Some folks think there’s something magical about our Italian dressing at the deli. Well, it’s true that food can often taste better when someone else makes it. But still, why is that homemade New Deli Italian dressing so dang good?!
I think part of it is that the garlic and herbs are mixed together with the salt first. The garlic absorbs some of the salt, and the saltiness dissipates into the dressing. The salt seems to be a vehicle to carry the flavors along.
Sounds kind of mystical! But, try it. If not in the Italian dressing recipe, try on a small scale with fresh mozzarella. So delicious!
Costco carries an imported fresh buffalo milk mozzarella that’s deluxe. Or, regular fresh mozzarella will do! Serves 6-8 or so, as a side salad.
2 cloves garlic, minced
1/2 tsp. salt
fresh cracked pepper
several fresh basil leaves (or sub other green herbs)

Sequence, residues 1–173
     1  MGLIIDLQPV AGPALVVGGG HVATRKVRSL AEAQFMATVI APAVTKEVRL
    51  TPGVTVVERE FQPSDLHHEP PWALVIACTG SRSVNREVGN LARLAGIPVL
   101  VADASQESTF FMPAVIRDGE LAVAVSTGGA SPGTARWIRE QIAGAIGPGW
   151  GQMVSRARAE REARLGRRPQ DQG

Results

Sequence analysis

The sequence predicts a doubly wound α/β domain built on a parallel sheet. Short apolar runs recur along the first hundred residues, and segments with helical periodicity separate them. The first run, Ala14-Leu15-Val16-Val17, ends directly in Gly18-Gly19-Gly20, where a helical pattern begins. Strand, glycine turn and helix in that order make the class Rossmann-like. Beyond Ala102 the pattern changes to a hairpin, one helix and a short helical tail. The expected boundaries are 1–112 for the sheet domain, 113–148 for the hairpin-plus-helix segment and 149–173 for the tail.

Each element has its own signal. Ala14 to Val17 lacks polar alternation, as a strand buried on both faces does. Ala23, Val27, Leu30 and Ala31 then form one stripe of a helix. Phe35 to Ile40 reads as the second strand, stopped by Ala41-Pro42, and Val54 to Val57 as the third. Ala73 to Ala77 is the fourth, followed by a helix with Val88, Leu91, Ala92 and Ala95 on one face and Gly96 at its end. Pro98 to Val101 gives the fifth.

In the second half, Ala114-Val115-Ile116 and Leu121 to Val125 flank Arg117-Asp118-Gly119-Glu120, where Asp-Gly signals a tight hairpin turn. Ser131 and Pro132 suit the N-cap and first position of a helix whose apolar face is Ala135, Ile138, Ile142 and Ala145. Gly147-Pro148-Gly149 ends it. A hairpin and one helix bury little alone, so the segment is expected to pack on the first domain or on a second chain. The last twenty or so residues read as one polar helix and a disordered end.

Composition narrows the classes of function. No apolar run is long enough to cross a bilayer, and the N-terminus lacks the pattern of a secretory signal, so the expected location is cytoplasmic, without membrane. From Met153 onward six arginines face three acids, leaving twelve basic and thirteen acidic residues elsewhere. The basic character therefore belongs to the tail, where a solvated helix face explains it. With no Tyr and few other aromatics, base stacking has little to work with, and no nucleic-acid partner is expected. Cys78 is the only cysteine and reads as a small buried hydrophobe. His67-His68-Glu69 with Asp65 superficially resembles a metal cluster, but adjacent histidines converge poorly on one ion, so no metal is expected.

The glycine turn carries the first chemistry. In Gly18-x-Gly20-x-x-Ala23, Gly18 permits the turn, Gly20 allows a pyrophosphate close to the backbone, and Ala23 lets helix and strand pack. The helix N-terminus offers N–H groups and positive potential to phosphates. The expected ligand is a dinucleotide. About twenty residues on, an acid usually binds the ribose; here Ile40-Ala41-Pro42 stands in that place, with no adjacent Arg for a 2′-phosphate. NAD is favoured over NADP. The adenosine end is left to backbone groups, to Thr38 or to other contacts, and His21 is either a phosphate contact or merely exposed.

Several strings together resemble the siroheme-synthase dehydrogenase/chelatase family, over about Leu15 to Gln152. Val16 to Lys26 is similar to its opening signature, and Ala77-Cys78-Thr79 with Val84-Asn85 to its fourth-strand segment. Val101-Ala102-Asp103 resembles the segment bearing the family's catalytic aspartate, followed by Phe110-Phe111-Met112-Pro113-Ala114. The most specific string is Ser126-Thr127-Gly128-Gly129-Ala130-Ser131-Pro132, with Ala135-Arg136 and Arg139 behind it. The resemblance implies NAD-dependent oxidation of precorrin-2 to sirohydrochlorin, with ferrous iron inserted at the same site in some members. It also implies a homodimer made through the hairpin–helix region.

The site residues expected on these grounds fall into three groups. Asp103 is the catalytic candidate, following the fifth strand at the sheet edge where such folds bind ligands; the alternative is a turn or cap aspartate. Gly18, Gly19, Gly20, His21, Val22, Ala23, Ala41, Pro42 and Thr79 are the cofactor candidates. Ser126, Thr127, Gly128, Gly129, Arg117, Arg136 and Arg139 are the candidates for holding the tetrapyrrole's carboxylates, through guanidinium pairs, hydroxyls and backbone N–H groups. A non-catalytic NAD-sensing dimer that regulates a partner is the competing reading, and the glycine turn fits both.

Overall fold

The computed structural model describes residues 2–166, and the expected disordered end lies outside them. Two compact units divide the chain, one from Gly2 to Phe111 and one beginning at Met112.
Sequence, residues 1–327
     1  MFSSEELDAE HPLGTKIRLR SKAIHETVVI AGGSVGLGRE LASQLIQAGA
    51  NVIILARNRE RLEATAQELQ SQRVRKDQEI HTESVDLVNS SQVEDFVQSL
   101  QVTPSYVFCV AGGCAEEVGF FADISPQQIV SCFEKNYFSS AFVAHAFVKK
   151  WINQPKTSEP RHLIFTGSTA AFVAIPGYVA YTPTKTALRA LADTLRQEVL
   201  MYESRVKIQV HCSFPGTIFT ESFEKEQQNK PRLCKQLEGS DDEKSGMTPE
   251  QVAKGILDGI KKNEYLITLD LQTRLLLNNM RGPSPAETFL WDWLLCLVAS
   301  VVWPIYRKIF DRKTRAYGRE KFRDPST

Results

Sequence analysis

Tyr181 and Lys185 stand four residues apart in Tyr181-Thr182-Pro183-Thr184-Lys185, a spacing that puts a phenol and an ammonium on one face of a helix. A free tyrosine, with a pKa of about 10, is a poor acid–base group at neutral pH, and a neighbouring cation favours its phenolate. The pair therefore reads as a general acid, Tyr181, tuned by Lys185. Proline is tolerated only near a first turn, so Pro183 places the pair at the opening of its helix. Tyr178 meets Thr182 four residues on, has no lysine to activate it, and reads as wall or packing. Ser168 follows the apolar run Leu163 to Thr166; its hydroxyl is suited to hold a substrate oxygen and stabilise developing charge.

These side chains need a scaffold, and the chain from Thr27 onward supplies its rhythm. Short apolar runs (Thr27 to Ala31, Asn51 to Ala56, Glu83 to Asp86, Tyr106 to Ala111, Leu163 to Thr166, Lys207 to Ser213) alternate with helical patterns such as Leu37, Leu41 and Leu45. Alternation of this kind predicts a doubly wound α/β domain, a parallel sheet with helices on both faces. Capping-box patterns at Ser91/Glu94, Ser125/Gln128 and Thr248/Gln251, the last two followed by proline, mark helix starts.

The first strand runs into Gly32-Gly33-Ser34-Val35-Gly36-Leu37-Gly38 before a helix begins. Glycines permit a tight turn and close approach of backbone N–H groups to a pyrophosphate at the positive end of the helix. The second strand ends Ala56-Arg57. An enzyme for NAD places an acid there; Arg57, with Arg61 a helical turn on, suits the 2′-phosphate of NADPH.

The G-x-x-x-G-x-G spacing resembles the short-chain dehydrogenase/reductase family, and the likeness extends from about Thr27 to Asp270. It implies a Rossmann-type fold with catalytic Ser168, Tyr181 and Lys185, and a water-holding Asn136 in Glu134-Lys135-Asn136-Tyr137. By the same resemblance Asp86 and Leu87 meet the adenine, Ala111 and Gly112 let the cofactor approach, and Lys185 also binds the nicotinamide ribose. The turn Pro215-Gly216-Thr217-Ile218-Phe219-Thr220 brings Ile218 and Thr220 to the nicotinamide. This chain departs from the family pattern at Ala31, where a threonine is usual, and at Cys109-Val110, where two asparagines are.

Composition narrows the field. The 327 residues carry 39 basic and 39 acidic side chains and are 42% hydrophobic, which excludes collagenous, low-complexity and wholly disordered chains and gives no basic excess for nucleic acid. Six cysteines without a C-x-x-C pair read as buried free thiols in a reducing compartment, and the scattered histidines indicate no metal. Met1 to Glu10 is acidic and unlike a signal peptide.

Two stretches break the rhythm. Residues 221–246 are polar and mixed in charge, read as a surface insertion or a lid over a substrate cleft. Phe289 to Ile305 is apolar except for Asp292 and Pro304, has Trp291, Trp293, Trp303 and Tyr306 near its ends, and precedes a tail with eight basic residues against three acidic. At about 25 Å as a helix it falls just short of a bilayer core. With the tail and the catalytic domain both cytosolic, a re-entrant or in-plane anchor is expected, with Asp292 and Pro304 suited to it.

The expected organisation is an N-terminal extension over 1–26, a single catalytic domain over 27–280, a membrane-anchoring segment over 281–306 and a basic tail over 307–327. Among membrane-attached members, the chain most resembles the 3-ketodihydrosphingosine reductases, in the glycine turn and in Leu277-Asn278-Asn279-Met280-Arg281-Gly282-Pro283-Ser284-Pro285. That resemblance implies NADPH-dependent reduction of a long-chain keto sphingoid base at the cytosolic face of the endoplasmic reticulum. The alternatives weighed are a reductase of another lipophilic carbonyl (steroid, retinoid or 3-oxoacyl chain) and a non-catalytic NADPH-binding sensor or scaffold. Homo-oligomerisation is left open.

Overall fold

1/3 c. extra virgin olive oil
1 lb. fresh mozzarella
6 oz. spring greens
3 tomatoes, wedged
Marinate the garlic in salt, letting it steep for at least five minutes. Use: > 2 cloves garlic, minced > 1/2 tsp. salt
After steeping, add: > 1/3 c. olive oil > parsley > fresh cracked pepper > 1 lb. fresh mozzarella
To serve, put a handful of spring greens on salad plates, top with the marinated mozzarella and tomato wedges.
Rice-cooker, step aside. There is more than one way to skin a cat (ew- sorry, PITA). What I mean is, there’s more than one way to cook rice!
Paella is a Spanish rice dish, typically made in a “paella pan”. (My iron skillet works just fine.) I add a bit of turmeric to this too- it’s got many benefits, including being anti inflammatory. Plus, when turmeric is coupled with black pepper, its healthy effects are squared to the tenth power! (Or something like that…)